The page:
Last updated 13 December 2016. Created on 19 February 2007.
Edited by leighgialanella, stuit, ashish_nirmohi, owenpm3. Log in to edit this page.

"Do I need all these extras?"

Each module requires memory to run on your site

Before installing extra modules, you should consider the desired functionality of your site. Don't feel pressured to add modules unless your site requires them. Unnecessary modules consume memory and other resource needs of your site, thus increasing the time needed for pages to load. Just because a module is popular or someone tells you that "every site needs it" does not mean that your site requires it. Good sites have been built with absolutely no contributed modules at all.

Make sure to focus on content, functionality, and configuration of your site before considering how it should look (the theme). That decision can be made later. Deliberation over your site's appearance can detract from your thinking about functionality and content.

Be selective

Themes are largely a matter of taste. For example, some people do not like to use a "fixed width" theme, but others do. One nice thing about themes is that they are mostly independent of your content so you can switch them when you want. Be aware, however, that certain parts of your site (blocks, for example) are built based on the theme. Switching themes can therefore leave junk lying around to slow down your site.

If you want to experiment with different themes and modules, you should look at the Update Status page in the Administration section and the Site Documentation module to make sure that your site is clean and that the desired modules are up-to-date.

Installing modules

  1. Locate the required theme or module starting on Drupal's Downloads page.
  2. Make sure the module or theme has a version that matches that of your Drupal site. Drupal 5 modules and themes will not work on Drupal 6 or 7.
  3. Click "Find out more" and read the notes. This gives you the chance to see if there is support for your release of Drupal. You can also look at pending bugs and feature requests—these might give you interesting insights into the project.
  4. Download the release for your Drupal version.
  5. Unzip the downloaded file. (To unzip files on Windows, try7Zip, WinSCP, or a comparable program. Mac alternatives include Cyberduck and Fetch).
  6. Extract the code to to your /sites/all/modules/{modulename} or sites/all/themes/{themename} folder. If you are running multiple sites and you do not want the module to be available in all sites, you can extract the files to the /sites/{sitename}/modules/ or /sites/{sitename}/themes/ folders.
  7. To finish, you should enable the module or theme in the Administration section of your site. (Tip: Only enable one module at a time so that you can figure out what it does and configure it. This is a lot easier than trying to figure out how multiple modules are affecting your site or which module does what).

You should end up with a folder structure like:
screenshot of a mock-up files folder layout

Installing a module from a URL for Drupal 7

Before you start, ensure you have the Update Manager module enabled.

  1. Navigate to the module project page on Under Downloads, locate and copy the link address ending in .gz or .zip.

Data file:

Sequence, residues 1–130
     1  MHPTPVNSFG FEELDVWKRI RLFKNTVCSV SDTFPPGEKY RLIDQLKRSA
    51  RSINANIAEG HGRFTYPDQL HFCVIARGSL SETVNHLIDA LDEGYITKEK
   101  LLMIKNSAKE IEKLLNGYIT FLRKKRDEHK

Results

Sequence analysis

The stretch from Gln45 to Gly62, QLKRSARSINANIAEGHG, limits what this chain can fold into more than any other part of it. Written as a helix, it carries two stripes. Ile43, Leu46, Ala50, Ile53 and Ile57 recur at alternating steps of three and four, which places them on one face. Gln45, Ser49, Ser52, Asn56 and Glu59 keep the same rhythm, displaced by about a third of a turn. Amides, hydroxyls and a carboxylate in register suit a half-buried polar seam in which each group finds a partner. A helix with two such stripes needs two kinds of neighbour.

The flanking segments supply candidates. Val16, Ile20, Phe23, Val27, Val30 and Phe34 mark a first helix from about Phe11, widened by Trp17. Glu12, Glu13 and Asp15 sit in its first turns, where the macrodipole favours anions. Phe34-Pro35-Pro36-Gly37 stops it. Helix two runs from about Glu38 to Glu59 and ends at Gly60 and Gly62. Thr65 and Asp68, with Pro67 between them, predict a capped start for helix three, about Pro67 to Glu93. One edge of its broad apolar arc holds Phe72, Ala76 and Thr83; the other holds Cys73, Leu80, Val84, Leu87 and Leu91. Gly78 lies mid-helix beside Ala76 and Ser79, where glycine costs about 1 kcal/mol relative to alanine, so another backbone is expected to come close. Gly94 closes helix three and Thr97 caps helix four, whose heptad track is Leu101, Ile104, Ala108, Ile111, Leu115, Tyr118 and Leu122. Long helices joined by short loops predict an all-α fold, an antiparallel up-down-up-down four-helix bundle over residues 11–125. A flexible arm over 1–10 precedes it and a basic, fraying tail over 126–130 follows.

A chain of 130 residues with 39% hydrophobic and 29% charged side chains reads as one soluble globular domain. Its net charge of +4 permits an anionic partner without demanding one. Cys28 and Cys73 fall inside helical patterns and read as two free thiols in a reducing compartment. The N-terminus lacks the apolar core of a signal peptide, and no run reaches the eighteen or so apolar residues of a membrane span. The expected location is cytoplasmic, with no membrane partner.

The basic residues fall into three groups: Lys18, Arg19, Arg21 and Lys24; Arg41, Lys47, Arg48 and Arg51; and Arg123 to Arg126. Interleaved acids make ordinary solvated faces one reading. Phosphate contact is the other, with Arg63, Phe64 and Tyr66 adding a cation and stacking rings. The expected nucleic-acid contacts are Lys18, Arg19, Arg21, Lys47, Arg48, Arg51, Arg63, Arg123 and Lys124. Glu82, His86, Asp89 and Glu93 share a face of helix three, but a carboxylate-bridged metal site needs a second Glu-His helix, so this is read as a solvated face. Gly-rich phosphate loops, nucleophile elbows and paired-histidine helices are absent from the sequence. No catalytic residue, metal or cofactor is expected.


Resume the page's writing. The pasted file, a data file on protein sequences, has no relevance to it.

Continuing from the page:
2. Navigate, on your site, to administration/modules/install.
  3. Paste the module URL into "Install from a URL".
  4. Click "install".
  5. You may then enable your module from this page or navigate to administration/modules.

You may also add a module from your computer.

  1. Navigate, on your site, to administration/modules/install.
  2. Click "choose file".
  3. Browse to the location the module has been downloaded to your desktop.
  4. Click "install".
  5. You may then enable your module from this page or navigate to administration/modules.

Advanced installing

If you have access to a Unix shell (e.g. SSH), the following series of commands will download and extract the files directly to your server.

Before you start, use the pwd (print working directory) command to confirm that you are in the correct directory (e.g. modules). If not, use the ls (list directory) and cd (change directory) commands to navigate to the correct directory.

The examples below are taken from Drupal's most popular module: Views

  1. Download archive:
  2. Uncompress archive: tar -zxvf views-7.x-3.0-rc1.tar.gz
  3. Delete archive: rm views-7.x-3.0-rc1.tar.gz

Try also the Drush module which offers a very efficient way of installing modules.

Note: The Drush commands drush dl module_name and drush en module_name are probably the fastest way to install modules.

More information

Suggestions on choosing modules

More "must have" Drupal modules.

Looking for support? Visit the forums, or join #drupal-support in IRC.


therealmeal’s picture

You can also use the following single command to accomplish steps 1-3 above:

% wget <URL> -O - | tar -xz

That's the letter "O" not the number "0".

("-O -" means output to stdout. tar takes stdin by default.)

Shyamala’s picture

Some of the other criteria before using a module would include:

  • How well the module is maintained - How many open issues or any recently closed issues
  • Read related Forum discussions
  • Understand other competing modules to see which one meets the requirements best
  • Do not use development versions of modules on production server
NancyDru’s picture

Of course those are guidelines only. I have had occasions where a -dev version had to be used in production. I have also used poorly maintained modules, frequently taking them over and maintaining them myself.

drupalninja99’s picture

There isn't a 'admin/modules/install' page is there? That must have been changed

Jay.Chen’s picture

The quick update module can install multiple new projects or the missing dependency projects.